What do Home Depot, Ikea, Dillard’s and REI have in common?
They all will be closed for Thanksgiving this year, joined by dozens more major retailers. REI in particular will remain closed through Black Friday as well. On some of the biggest shopping days in the U.S., these retail giants are encouraging potential customers to stay home.
On the surface, it seems like a risky move. At worst, these brands risk losing customers to competitors, and at best they’re out a substantial chunk of sales revenue.
But major players in the industry don’t get that way by giving away money. They know that leading with their values is good for business. They saw Black Friday slowly encroach into Thanksgiving, and chose to support the idea that the holiday should be a day of rest, not a marathon of bargain-hunting.
As an early adopter, REI serves as a case study to the business power of leading with your values. The sporting goods retailer stayed closed on Thanksgiving and Black Friday in 2015, branding the initiative the Opt Outside campaign. The message was simple: Instead of shopping, go out and get in touch with nature. It was a potent idea, perfectly consistent with the brand’s core values. And the gamble paid off: REI saw a 9.3% increase in revenue, a 7% increase in store sales, and a 23% increase in digital sales for 2015.
It’s not just about choosing to close your business on a particular day, of course. It’s about broadcasting your brand’s values, and showing the courage of your convictions by following through on them. Consumers tend to favor that kind of boldness.
Here’s why leading with your brand’s values can be a boost to your marketing.
Differentiate Your Business
In the always-on digital world, a lot of the key differentiators brands used to rely on cease to matter. The hardware store downtown is open an hour later, so you shop there. The bank down the street always has extra tellers and shorter lines, so you choose to bank there. The local supermarket has the best deals on produce, so get your apples and bananas there.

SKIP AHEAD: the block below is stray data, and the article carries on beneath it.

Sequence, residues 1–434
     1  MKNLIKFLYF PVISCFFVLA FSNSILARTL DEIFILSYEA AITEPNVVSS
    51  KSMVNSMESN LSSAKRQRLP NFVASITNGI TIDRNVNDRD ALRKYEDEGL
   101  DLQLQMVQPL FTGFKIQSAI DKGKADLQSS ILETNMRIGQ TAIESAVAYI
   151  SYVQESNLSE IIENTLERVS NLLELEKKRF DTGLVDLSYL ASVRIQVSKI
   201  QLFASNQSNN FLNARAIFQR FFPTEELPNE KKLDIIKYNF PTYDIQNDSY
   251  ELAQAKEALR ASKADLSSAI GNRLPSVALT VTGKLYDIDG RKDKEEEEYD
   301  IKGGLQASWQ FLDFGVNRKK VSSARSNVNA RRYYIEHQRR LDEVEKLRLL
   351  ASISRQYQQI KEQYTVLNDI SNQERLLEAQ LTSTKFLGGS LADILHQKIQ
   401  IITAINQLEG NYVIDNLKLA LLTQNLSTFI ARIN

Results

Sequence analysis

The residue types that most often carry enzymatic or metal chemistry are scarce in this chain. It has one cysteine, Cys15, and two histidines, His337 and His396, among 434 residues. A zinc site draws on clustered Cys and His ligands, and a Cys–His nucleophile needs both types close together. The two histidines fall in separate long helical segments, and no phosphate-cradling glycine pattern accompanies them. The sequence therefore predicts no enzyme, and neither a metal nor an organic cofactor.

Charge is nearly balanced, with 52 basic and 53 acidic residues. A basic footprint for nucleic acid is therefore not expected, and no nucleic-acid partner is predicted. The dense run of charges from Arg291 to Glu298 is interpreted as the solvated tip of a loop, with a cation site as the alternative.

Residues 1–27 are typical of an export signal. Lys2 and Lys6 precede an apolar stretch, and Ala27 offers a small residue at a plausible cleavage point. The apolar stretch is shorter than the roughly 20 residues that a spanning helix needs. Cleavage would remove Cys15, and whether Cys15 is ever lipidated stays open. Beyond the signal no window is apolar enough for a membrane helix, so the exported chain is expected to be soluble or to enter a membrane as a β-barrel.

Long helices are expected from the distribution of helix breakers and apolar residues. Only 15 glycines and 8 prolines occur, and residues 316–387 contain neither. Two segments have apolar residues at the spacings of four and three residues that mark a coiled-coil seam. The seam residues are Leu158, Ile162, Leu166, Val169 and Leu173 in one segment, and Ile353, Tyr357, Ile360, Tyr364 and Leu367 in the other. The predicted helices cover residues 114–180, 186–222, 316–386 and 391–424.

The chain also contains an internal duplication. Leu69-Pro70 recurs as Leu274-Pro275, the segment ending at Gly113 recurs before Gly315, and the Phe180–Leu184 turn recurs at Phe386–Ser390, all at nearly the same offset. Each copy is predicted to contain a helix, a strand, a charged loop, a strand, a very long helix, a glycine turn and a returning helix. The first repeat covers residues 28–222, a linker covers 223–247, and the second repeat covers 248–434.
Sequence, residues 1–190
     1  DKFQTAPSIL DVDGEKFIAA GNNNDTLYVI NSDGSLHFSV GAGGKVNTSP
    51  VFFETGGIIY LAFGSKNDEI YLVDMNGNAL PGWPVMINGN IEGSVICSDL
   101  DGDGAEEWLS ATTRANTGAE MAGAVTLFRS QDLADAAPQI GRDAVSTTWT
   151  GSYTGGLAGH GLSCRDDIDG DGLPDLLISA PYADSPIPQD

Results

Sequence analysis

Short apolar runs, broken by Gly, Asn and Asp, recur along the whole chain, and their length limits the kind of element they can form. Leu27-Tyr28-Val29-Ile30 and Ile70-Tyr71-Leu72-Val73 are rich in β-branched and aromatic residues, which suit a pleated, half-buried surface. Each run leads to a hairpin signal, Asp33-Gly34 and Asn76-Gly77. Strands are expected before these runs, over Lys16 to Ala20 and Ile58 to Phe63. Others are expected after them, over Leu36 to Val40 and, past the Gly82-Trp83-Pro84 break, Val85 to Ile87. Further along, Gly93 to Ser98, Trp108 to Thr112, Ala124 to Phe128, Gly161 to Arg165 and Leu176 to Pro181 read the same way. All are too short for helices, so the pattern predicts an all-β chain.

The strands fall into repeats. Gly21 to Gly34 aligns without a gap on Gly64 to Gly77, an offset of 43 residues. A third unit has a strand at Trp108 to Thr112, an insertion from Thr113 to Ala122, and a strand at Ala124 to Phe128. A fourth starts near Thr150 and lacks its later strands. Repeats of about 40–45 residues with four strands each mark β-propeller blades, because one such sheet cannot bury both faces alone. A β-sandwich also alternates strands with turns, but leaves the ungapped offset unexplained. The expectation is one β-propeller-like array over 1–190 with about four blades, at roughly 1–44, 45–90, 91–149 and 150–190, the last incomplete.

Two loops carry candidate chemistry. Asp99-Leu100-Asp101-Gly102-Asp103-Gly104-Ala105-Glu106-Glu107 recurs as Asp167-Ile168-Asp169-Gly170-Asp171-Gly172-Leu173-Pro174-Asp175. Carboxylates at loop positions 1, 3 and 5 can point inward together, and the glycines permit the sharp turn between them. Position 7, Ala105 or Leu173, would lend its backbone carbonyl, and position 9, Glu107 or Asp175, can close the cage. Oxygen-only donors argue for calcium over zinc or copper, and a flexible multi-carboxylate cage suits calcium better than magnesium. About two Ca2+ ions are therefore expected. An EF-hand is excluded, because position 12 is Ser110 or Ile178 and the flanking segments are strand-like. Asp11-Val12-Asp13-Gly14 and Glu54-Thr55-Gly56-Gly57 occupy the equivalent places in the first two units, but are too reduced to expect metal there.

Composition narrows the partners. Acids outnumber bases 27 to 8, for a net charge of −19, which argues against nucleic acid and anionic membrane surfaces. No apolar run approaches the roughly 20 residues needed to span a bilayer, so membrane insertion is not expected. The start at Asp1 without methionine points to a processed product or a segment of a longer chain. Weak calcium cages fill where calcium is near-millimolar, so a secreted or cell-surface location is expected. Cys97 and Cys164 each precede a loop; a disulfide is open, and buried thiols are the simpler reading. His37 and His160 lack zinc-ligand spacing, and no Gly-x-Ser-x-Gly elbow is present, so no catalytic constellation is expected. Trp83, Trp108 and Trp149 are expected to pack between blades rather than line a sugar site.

Price and convenience are getting harder to compete on. One of the few remaining differentiators is what a brand stands for. TOMS shoes, Dove, Always and adidas are just a few brands using culture as a content marketing strategy. And the strategy is paying off – a recent study from Cone Communications found that 87% of consumers use values as a guide for making purchase decisions.
Define Your Audience
Some brands focus on pulling in the largest audience possible. To avoid turning off any potential customers, they avoid making controversial statements – and eventually statements of any kind. The problem is, “inoffensive” can quickly turn into “bland.” Sure, no one hates a bland brand. But no one loves them, either. And the worst part is, the majority of people that might be turned off by a brand’s values were likely never going to be customers in the first place.
When you lead with your values, you may turn away some people. But the trade-off is energizing the people who share your values, inspiring brand loyalty and ambassadorship. Starbucks is a perfect example of this phenomenon. When they announced they would hire 10,000 refugees, some people boycotted the brand. But a far larger group became more loyal, resulting in a net win for the company.
Inspire Your Employees
The people who work for your organization are the single largest underutilized marketing force you have. On average, employees tend to have ten times the connections on social media than the brand they work for. And people are more likely to trust messaging that comes from other people rather than a brand’s social accounts.
If you can inspire your employees to be brand ambassadors, you can be more credible to your existing audience and reach vast untapped audiences as well. Leading with your values is one way to give employees that inspiration. Communicate your brand values internally to make sure everyone shares the vision, then encourage employees to post on social media when they see those values in action.
Go Against the Flow
When some retailers started opening earlier and earlier on Black Friday – eventually cutting into Thanksgiving itself – most businesses followed suit. But a special few had the courage to lead with their values, buck the trend, and start a counter-movement, and their efforts have paid off. That kind of values-based marketing has proven to be a powerful differentiator, helping businesses find new audiences and inspire their employees to be brand ambassadors.
Whether you spend your weekend shopping or relaxing with family, come back to work Monday ready to put your brand’s values in action. Because values-driven, purpose-led marketing is something we all can be thankful for.
What’s your favorite story of a brand taking a values-driven stand? Let me know in the comments.